Clifford Chance (CC) has secured a run of major mandates for Royal Dutch Shell including last week’s A$2.9bn ($2.6bn) agreement to sell the global energy giant’s Australia downstream businesses to Vitol and the sale of a number of businesses in Italy to affiliates of Kuwait Petroleum International.
The Vitol deal, which was announced on 21 February, saw CC led by London-based partner Kathy Honeywood, Singapore-based Geraint Hughes, and Australia-based Tracey Renshaw advise on all aspects of the transaction, which included the sale of Shell’s Geelong refinery and 870-site retail business in Australia.
The CC team provided English and Australian law advice on environmental, IT, branding and IP, tax, employment, pensions and antitrust issues.
US firm Skadden, Arps, Slate, Meagher & Flom advised Vitol, one of the world’s largest independent energy trading companies, with a team led by London partners Shaun Lascelles, Doug Nordlinger and Tim Sanders.
Shell’s legal team was led by Damis Shaharudin of the downstream portfolio group. The deal is subject to regulatory approval and expected to close this year.
The deal follows the announcement on 20 February of the sale of Shell’s retail, supply and distribution, logistics and aviation businesses in Italy to affiliates of Kuwait Petroleum for an undisclosed sum.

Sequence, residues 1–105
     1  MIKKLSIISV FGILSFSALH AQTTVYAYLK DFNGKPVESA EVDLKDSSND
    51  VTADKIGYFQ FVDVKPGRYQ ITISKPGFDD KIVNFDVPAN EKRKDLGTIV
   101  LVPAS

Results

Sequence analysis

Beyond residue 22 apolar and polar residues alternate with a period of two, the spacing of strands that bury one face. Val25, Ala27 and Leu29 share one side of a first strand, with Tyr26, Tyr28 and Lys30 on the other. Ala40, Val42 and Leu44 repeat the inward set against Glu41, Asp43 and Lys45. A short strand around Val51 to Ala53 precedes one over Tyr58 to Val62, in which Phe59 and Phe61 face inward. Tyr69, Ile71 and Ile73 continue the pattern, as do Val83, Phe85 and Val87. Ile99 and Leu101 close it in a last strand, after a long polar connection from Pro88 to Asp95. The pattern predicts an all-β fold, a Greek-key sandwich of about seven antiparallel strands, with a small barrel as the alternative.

CC’s team for Shell was led by Milan-based Umberto Penco Salvi, while Hogan Lovells provided English and Italian law advice to Kuwait Petroleum led by Italy corporate head Leah Dunlop.
Dunlop was supported by London-based corporate partner and co-head of the firm’s oil and gas working group Ben Higson as well as Rome-based commercial law partner Marco Berliri, environmental and energy regulatory partner Francesca Angeloni, tax partner Fulvia Astolfi, and antitrust partner Gianluca Belotti, while Milan-based employment partner Vittorio Moresco and Brussels-based partner Matthew Levitt also worked on the deal.
In a statement Shell said on 20 February: ‘The sale is consistent with Shell’s strategy to concentrate Shell’s downstream footprint on a smaller number of assets and markets where we can be most competitive.’
Other recent mandates have seen CC advise Shell on its $4.4bn acquisition of part of Repsol’s LNG portfolio, announced in February last year.
Shell’s panel review announced last June saw CC named as one of 11 firms appointed to serve the energy corporation in three or more jurisdictions. The review, which was headed by former legal director Peter Rees, was pitched to firms as an opportunity to grow their links with Shell, with those who develop the best relationship with the bluechip expected to win more work on a reduced panel in three years’ time when rates are reviewed.